The derivative of a function of a single variable at a chosen input value, when it exists, is the slope of the tangent line to the graph of the function at that point. The tangent line is the best linear approximation of the function near that input value. For this reason, the derivative is often described as the "instantaneous rate of change", the ratio of the instantaneous change in the dependent variable to that of the independent variable.

Derivatives can be generalized to functions of several real variables. In this generalization, the derivative is reinterpreted as a linear transformation whose graph is (after an appropriate translation) the best linear approximation to the graph of the original function. The Jacobian matrix is the matrix that represents this linear transformation with respect to the basis given by the choice of independent and dependent variables. It can be calculated in terms of the partial derivatives with respect to the independent variables. For a real-valued function of several variables, the Jacobian matrix reduces to the gradient vector.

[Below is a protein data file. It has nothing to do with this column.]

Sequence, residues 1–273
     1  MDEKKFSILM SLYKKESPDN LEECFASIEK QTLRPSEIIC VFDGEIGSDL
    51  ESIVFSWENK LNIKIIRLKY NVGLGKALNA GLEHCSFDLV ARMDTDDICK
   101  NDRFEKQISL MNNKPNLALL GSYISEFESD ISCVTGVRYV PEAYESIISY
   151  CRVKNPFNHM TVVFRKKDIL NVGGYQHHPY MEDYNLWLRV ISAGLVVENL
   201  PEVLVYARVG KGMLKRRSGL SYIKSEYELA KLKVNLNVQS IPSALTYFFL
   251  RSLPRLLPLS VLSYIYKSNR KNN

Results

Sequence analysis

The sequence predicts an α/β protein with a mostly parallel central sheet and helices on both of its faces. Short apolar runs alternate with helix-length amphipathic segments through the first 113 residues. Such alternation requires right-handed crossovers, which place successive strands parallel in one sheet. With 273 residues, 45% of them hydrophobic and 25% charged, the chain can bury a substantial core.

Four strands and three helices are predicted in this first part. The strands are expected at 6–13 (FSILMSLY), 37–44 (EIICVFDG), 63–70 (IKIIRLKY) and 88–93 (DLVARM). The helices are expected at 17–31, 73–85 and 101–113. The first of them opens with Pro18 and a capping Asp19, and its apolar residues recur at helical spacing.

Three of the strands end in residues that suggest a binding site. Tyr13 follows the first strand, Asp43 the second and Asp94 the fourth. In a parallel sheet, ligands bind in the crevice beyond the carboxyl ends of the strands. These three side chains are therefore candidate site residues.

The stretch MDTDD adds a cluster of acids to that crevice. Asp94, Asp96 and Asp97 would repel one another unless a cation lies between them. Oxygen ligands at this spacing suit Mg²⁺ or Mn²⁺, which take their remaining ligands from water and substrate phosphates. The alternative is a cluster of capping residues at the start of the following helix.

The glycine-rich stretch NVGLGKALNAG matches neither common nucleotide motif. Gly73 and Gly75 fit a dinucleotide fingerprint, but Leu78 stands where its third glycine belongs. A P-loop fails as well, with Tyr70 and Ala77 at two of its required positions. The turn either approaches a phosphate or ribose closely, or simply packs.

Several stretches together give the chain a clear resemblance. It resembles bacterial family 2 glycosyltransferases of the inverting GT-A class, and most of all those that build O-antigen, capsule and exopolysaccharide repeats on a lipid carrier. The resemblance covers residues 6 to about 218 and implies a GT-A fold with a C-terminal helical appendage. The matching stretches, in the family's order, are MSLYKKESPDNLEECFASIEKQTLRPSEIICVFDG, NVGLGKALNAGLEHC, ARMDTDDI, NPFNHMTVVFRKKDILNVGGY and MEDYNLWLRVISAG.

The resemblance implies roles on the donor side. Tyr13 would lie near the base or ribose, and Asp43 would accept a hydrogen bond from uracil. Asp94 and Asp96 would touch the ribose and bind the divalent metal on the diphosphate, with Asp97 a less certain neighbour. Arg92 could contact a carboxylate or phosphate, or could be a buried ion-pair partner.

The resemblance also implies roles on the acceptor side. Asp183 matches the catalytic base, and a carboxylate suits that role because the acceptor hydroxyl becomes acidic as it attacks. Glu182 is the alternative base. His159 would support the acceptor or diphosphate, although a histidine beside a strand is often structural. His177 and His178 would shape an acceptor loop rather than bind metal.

The process of finding a derivative is called differentiation. The reverse process is called antidifferentiation. The fundamental theorem of calculus relates antidifferentiation with integration. Differentiation and integration constitute the two fundamental operations in single-variable calculus.

Nothing is better than reading and gaining more and more knowledge - Stephen William Hawking.